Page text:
Consider that approximately one-fourth of persons over the age of 65 have diagnosed or yet undiagnosed diabetes mellitus. What are the reasons for such a high prevalence of this disease? Sedentary lifestyle, obesity and poor dietary habits play major roles in addition to a genetic predisposition for it. Let me explain why this is so.

Just like many reversible illnesses, diabetes type 1 is an inflammatory autoimmune disease: immune system attacks and destroys its own insulin-producing cells of the pancreas. Likewise, even though diabetes type 2 has previously been considered a metabolic disorder (and cannot be reversed without drugs) in which tissues are resistant to insulin, researchers [2] now believe its insulin resistance is from immune system cells that attack tissues (also an autoimmune disease). And the newest diabetes type 1.5 (aka latent autoimmune diabetes of adults, or LADA) is where older adults are initially diagnosed with type 2 diabetes but wind up requiring insulin due to pancreatic islet cell failure (the cells that produce insulin), like in type 1 diabetes. Thus all three types are really autoimmune diseases. This immune hypersensitivity has its beginnings in the gut (intestinal health, foods), environment (personal care products, xenobiotics), and toxic thoughts/emotions (neurochemicals, hormones) which all influence genetic expression.

As for your gut health, this is your main “antigenic window” to your blood stream. Your gut lining must discriminate between beneficial food molecules and the myriad of potentially harmful (immune system stimulating) molecules you ingest in the form of preservatives, dyes, medicines and refined/processed foods that stimulate overgrowth of yeast and unhealthy bacteria. Low fiber diets lead to a lack of short chain fatty acids acetate, propionate and butyrate known to keep the intestinal mucosa strong and intact which prevents antigenic molecules from entering your bloodstream.

Additionally, unresolved chronic stress affects neurotransmitters and your hypothalamic-pituitary-adrenal hormones which contribute to an adverse immune response.

As for environmental chemicals, they enter your bloodstream through skin, lungs and the intestinal tract to disrupt hormone receptors or act as antigenic triggers to inflammation.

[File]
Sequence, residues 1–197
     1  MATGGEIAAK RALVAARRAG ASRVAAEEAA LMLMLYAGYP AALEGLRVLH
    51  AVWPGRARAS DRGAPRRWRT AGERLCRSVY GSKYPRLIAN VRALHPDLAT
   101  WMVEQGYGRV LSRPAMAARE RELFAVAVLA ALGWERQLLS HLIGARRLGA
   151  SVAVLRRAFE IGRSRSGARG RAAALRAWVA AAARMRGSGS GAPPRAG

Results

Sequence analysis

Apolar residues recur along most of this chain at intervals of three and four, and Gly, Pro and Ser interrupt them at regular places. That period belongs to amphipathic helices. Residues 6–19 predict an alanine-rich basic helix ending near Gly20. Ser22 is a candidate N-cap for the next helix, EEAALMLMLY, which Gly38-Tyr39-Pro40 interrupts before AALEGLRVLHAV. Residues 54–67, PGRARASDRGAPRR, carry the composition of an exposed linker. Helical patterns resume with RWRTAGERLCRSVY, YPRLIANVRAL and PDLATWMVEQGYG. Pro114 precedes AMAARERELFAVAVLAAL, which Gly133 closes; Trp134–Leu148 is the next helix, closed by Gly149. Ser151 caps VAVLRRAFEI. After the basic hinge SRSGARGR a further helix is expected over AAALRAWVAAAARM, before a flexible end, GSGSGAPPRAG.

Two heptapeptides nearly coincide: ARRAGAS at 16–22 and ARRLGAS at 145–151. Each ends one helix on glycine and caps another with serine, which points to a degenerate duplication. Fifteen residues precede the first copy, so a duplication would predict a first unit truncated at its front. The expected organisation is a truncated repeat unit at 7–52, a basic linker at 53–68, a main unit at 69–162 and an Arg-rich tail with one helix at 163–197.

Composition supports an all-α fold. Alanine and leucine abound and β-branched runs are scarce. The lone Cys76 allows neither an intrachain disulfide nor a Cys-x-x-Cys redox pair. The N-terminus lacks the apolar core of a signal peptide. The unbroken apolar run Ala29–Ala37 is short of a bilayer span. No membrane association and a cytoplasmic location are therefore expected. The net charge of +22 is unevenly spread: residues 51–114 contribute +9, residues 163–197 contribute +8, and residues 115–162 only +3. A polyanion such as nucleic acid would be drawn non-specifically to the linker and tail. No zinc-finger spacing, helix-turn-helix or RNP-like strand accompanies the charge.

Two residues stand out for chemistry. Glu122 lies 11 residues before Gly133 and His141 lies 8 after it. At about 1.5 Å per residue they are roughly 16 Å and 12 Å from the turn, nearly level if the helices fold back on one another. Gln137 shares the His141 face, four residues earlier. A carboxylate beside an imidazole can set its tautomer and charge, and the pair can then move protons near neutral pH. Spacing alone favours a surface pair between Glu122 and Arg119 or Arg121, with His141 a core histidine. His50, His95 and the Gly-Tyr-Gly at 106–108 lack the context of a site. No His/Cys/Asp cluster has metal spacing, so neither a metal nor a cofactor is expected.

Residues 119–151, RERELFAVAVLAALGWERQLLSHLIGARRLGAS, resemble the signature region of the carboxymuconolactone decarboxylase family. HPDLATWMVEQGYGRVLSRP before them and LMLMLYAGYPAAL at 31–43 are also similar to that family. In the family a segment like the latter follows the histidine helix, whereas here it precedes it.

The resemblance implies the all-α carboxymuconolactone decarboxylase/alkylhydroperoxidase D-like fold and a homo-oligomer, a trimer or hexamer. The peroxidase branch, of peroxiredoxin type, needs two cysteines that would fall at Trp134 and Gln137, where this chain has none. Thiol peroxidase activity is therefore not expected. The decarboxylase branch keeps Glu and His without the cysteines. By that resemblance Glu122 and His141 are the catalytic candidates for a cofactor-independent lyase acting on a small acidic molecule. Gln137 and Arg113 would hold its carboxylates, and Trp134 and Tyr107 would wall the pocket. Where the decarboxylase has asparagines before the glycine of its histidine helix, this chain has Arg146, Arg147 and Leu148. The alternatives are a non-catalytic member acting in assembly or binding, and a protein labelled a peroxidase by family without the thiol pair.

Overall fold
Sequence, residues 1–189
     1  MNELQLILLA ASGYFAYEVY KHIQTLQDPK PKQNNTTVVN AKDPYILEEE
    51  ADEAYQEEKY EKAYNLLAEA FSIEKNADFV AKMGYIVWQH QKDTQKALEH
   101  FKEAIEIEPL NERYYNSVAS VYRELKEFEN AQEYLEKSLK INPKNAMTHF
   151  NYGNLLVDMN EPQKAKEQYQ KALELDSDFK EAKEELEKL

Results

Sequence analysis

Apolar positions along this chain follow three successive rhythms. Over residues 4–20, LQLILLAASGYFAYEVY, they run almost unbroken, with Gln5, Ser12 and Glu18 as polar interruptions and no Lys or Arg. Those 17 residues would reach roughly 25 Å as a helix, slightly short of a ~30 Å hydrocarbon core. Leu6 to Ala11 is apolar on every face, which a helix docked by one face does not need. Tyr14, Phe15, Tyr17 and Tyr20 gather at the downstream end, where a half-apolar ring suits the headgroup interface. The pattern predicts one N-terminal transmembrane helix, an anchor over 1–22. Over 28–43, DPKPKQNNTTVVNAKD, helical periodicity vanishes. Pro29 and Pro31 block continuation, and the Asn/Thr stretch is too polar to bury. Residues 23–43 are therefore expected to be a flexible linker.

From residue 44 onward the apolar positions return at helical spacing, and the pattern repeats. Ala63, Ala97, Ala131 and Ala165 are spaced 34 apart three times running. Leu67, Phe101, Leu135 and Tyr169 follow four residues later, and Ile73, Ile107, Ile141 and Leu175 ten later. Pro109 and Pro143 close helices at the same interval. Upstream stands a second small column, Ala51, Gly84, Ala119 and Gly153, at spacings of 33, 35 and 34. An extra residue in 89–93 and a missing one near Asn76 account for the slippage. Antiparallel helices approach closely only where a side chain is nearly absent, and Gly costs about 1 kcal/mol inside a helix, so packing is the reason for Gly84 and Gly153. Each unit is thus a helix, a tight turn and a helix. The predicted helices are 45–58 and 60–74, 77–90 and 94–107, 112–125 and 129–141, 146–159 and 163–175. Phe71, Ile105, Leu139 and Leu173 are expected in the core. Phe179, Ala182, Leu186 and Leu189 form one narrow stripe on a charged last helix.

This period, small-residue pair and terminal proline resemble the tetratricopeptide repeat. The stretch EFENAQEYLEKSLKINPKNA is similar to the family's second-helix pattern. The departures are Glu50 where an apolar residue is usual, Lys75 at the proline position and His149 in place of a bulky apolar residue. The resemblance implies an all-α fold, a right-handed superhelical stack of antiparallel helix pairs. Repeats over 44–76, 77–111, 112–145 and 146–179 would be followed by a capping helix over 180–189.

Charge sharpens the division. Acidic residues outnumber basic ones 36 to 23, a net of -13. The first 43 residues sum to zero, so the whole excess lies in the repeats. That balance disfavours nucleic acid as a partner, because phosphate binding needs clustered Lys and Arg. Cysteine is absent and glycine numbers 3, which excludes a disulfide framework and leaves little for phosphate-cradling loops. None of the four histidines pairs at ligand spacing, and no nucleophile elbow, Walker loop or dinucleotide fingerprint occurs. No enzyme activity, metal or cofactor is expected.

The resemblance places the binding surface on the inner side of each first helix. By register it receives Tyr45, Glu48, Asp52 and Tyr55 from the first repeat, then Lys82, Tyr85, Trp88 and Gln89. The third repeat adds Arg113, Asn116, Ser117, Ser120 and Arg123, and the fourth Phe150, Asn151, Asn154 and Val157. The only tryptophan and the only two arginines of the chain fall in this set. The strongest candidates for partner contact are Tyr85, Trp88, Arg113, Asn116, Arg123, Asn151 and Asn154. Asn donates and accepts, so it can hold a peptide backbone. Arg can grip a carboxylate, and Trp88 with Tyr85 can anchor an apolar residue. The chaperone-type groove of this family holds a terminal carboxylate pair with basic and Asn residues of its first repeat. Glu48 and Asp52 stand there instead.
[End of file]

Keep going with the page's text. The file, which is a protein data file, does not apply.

You want to know how to eliminate the need for diabetes medications? The most impressive rapid result of reversing (yes reversing, not just treating) diabetes I know of is seen with clients of Dr. Gabriel Cousin’s Tree of Life Clinic in Patagonia, Ariz. Read more here or watch the 12 minute trailer here. As you will see, this holistic approach requires a person to have real self-discipline and self-love.

In my next article I’ll discuss holistic treatments for high cholesterol, heart disease, hypertension and eliminating their drugs when possible.

To feeling good because you can,

Michael Cutler, M.D.

Easy Health Options

 

Other articles in this series are:

Prescription drugs and holistic health

Do the benefits of taking prescription drugs outweigh the risks of not taking them?

When the prescription drug cure is worse than the disease

[1] http://www.drugs.com/drug-interactions/warfarin,coumadin-index.html?filter=3&generic_only=

[2] http://www.medicalnewstoday.com/articles/222766.php

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Dr. Michael Cutler

By Dr. Michael Cutler

Dr. Michael Cutler is a graduate of Tulane University School of Medicine and is a board-certified family physician with more than 20 years of experience. He serves as a medical liaison to alternative and traditional practicing physicians. His practice focuses on an integrative solution to health problems. Dr. Cutler is a sought-after speaker and lecturer on experiencing optimum health through natural medicines and founder of the original Easy Health Options™ newsletter — an advisory on natural healing therapies and nutrients. His current practice is San Diego Integrative Medicine, near San Diego, California.